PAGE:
Game 331 | January 20 | Larry Beckish, Paul Giel
At a time when the option was the preferred offense of most colleges, Beckish was already a published author and frequent speaker on the topic. Recruited by Lou Holtz to be his quarterback coach and offensive coordinator, Beckish stayed on with John Gutekunst through 1978.
Game 332 | February 5 | Jerry Burns
Bud Grant was happy to hand the Vikings coaching reins over to his long-time friend and assistant, Jerry Burns. With Tommy Kramer at quarterback, Burns put together an offensive plan that emphasized high-percentage short passes. The team improved its record to 9-7 as Kramer passed for 3,000 yards to targets such as Steve Jordan, Darrin Nelson, Anthony Carter and Leo Lewis.
Game 333 | March 3 | John Guteknust
With Lou Holtz off to Notre Dame, Gutekunst, a long-time defensive coordinator under Holtz, was named the Gophers head coach. In his first game he led the team to a 20-13 victory over Clemson in the Independence Bowl. The team finished third in the Big Ten with a 5-3 record in 1986 and went to its second consecutive bowl, losing 21-14 to Tennessee in the Liberty Bowl.
Game 334 | April 3 | Verne Gagne
Always a great wrestler, Gagne was maybe more impressive as a promoter. He was back in front of Dunkers, this time to promote his "Wrestlemania" event at the Metrodome.
Game 335 | May 9 | Frank Viola, Kent Hrbek
After showing improvement in 1985, the 1986 Twins took a major step backward, finishing with a record of 71-91. Ray Miller was fired with 23 games to play. Hrbek continued to show great power with 29 home runs and 91 RBIs. Viola, in his first major league season, won 16 games and struck out 191 batters.
Game 336 | May 29 | Clem Haskins
Inheriting a team that lost its final eight games and was short on scholarships after a combination of expulsions and defections, Haskins left Western Kentucky to coach Gopher basketball. His first-year team won only two Big Ten games and finished with a record of 9-19. Terence Woods and Kelvin Smith were the leading scorers, but a freshman forward named Willie Burton showed signs of becoming both a strong scorer and a team leader.
Game 337 | June 12 | Lou Eilken
Canterbury Downs opened to huge crowds in Shakopee as Minnesotans took to horse racing and legalized gambling in a big way. The job of fllling the racing cards at the new track fell to veteran Director of Racing Lou Eilken, who shared the tactics used in luring owners and trainers to a brand new track.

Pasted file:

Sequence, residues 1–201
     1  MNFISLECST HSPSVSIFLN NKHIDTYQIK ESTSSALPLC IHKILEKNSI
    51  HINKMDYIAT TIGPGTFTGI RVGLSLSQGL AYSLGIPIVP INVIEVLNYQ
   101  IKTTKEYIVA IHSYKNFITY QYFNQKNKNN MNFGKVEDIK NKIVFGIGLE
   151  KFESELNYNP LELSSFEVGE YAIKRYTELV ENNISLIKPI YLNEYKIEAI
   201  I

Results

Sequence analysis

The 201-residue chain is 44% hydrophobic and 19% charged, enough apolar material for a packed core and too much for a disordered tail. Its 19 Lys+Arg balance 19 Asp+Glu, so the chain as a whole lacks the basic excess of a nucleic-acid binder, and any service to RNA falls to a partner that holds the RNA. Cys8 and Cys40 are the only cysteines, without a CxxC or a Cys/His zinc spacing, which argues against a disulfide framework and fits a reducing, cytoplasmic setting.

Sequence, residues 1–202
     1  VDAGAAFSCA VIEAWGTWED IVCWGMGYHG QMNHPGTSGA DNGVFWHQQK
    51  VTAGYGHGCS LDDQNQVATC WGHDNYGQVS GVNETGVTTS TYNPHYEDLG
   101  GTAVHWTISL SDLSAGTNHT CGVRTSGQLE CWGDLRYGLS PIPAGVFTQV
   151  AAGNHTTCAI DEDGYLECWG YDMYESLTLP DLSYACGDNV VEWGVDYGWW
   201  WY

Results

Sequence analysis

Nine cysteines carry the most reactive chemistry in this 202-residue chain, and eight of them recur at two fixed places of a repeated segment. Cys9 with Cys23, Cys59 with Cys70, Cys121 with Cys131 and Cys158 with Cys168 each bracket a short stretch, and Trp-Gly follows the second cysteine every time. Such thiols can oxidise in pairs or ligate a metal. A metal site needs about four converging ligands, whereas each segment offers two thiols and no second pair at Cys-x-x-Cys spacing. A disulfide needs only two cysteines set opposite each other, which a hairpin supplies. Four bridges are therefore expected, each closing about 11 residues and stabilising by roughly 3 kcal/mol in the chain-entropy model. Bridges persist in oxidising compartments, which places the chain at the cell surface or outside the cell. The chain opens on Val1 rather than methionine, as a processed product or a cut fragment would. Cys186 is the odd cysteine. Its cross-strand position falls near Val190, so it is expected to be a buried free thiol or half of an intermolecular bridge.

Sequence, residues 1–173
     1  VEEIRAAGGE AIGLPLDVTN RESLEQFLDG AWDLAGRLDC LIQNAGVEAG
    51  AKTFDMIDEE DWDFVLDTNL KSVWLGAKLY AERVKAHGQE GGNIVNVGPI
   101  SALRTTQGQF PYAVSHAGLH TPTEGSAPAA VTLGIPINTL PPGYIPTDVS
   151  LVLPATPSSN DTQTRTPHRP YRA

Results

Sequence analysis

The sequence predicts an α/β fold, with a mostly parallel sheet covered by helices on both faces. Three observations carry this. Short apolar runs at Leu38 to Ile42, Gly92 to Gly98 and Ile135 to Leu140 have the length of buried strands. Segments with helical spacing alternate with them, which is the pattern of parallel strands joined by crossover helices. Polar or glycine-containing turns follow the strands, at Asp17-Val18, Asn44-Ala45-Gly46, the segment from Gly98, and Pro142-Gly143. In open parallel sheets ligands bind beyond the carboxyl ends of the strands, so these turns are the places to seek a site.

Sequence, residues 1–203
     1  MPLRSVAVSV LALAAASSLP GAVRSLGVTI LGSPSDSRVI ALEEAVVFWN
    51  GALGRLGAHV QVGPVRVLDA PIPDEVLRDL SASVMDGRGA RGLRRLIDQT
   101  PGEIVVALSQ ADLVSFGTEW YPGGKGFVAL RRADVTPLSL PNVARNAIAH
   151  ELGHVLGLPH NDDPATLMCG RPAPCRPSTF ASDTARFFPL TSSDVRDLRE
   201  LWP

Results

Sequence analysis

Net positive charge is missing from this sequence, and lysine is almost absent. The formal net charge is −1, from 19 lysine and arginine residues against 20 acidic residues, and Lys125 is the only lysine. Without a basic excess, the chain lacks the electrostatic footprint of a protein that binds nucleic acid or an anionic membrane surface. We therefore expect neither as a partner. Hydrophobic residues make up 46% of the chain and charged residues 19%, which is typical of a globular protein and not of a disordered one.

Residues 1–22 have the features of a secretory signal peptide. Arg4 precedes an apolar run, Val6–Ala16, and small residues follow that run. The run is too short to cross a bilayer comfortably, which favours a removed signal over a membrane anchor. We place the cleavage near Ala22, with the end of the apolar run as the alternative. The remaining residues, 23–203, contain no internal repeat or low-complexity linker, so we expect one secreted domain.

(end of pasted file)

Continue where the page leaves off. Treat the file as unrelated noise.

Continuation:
Game 338 | July 17 | Ken Keller
After the resignation of C. Peter McGrath as President of the University of Minnesota in late 1984, Keller was named the acting President. When a search committee failed to find a suitable candidate, Keller was persuaded to take the job. He served for three years and received praise from Gov. Rudy Perpich and the Minnesota Legislature for his bold "Commitment to Focus" program. His tenure was marked by strongly negative media coverage surrounding renovations at the President's official residence and the discovery of a $50 million reserve fund in the University budget.
Game 339 | September 11 | Tommy Kramer
Jerry Burns' system proved to be good medicine for Kramer. He shared the "Comeback Player of the Year" award in the NFL with Joe Montana that year. Beset with a series of injuries, "Two-Minute Tommy's" final year as the Vikings starting quarterback was 1986. He lost his starting job to Wade Wilson in 1987 and was released after the 1989 season.
Game 340 | October 7 | Frantisek Musil, Lou Nanne
Scouts at the 1986 World Hockey Championships in Moscow hailed Musil. a four-year veteran of the Czechoslovakian National Team, as the top defenseman in the competition., Shortly after those game, Nanne, the North Star General Manager, bought a ticket to visit Musil, the team's third draft choice in 1983. Musil joined the team in 1986 and played the next five years in Minnesota as part of an NHL career that lasted 15 years.
Game 341 | November 12 | Marv Wolfenson
After failing in a bid to buy the Twins from Calvin Griffith, local business partners Wolfenson and Ratner thought they had a deal to purchase the Utah Jazz and move the team to Minneapolis. When that fell through they lobbied the NBA for an exppansion franchise. That paid off in 1987 when the NBA said it would add two teams, Charlotte and Miami, in 1988-'89, and two more, Orlando and Minnesota, in 1989-'90. Wolfenson and Ratner paid $32.5 million for their expansion Minnesota Timberwolves.